So I thank you deeply. I don’t care how dramatic that sounds. We need to cut the Hell One (L1) out of our classrooms and we need to do it yesterday. I capitulated to Eric on this point lately but that is because his insights are based much more on the research than mine (based only on years in the classroom), but the end concept is the same and we are really in full agreement on this point. Whether it’s at 95% (my read on Eric) or at 98% (my dream), most of us and certainly yours truly don’t get near those numbers currently and we must change. We need to talk less about it and just do it.

      1. And Steve I just love the sentence below. It contains, for me, real CI wisdom because why should I bust my hump and lose the precious Din for a few kids who don’t want to show up in my classroom as actual human beings for whatever reasons?
        …there are times I know most of the class knows a word but I don’t want to break the L2 consistency while at the same time make sure all students understand….
        Thank you for that sentence!

        1. Okay, Ben. Time to start taking your “break” from work. … Ready? 1-2-3… go. Okay, didn’t work? Me, neither.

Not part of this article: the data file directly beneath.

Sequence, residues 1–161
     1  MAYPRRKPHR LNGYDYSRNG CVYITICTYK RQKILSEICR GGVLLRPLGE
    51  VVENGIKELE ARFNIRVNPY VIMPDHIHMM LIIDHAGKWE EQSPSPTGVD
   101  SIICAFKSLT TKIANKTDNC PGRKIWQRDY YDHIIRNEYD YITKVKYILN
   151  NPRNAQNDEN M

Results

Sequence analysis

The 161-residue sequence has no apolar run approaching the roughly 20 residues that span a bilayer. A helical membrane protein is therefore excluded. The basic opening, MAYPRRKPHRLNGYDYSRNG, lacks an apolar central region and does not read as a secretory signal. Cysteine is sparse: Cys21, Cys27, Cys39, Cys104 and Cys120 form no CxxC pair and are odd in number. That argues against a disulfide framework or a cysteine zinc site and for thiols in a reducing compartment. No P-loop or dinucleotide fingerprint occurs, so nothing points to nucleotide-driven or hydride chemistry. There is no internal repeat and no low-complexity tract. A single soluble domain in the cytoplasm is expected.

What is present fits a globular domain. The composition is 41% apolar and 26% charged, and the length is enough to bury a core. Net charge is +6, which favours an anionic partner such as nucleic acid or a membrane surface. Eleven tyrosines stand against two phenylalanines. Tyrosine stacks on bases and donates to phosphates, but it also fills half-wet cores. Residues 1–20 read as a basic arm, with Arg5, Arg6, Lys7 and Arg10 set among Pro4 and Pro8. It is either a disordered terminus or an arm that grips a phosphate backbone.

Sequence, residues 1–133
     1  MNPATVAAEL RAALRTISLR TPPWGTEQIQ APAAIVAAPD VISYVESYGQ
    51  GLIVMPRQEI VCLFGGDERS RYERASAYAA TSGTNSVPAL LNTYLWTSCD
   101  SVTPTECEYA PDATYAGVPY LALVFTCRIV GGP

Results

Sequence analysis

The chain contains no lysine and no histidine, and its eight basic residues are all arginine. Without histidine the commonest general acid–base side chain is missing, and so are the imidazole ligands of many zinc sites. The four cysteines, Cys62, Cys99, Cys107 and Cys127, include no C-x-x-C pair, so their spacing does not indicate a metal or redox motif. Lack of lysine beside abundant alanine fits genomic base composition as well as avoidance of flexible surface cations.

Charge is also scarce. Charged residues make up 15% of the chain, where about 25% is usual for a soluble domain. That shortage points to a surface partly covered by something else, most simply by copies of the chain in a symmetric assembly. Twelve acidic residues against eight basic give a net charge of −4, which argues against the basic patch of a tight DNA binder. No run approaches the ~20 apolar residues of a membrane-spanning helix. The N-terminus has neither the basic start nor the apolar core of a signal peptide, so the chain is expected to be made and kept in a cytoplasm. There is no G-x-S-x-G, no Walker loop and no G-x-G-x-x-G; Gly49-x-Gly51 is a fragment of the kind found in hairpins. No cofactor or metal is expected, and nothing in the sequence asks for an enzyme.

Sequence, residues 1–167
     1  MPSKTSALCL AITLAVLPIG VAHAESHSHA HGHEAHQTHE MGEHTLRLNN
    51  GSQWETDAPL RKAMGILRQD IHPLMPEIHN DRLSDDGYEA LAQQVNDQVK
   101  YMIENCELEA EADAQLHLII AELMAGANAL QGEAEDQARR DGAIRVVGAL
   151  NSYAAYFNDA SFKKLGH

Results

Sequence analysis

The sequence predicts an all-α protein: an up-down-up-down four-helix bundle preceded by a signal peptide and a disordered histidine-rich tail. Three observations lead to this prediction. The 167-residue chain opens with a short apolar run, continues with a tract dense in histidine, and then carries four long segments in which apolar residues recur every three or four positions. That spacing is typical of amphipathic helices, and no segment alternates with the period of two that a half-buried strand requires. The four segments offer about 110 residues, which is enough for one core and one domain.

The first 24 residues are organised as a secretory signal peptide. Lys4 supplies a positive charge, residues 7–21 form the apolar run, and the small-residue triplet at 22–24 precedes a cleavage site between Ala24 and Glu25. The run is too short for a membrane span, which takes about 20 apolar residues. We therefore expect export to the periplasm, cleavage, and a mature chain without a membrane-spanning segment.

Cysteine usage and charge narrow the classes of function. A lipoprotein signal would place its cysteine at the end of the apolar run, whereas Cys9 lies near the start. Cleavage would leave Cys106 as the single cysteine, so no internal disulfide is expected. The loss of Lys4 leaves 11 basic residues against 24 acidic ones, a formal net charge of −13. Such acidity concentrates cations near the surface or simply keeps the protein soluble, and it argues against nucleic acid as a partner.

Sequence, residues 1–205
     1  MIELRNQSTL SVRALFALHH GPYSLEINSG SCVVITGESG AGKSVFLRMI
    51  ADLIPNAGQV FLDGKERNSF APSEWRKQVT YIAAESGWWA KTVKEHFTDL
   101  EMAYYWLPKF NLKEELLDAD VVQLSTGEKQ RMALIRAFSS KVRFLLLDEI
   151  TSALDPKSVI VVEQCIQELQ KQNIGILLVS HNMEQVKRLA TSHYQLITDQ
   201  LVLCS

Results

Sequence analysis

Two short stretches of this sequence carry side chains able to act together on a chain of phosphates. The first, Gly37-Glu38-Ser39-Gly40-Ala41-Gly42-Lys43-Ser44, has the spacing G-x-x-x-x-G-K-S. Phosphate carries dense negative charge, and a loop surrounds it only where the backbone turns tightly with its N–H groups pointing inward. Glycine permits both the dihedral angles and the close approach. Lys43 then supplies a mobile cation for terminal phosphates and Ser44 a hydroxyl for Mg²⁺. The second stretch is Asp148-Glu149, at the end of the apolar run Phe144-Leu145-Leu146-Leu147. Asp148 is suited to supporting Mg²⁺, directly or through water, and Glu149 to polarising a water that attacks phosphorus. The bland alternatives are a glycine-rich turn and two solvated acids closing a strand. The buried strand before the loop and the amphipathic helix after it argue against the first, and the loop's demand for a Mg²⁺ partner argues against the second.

Seriously, I agree with your “update” that we need some real rest and mental break. I love the blog so much it is definitely therapy and a way to feel part of a community, so I keep coming back. But after your post earlier about needing a break I realized I need to just totally let go of the guilt I feel

      2. I think part of the discussion needs to be the difference between goal and reality.
        If the ACTFL position statement is a goal, the percentage is set too low; if it is a statement of acceptable reality, then it is a minimum standard for evaluating our instruction.
        The ideal – the Pure Land – is 100% use of 100% student-comprehensible target language (i.e. 100% of the students understand 100% of the language). I once had an evaluation in which the evaluator (an assistant principal) noted 99% use of L2; unfortunately, I knew that it was not 99% comprehensible to 99% of students, so amount of time in the language is not the only parameter for this criterion.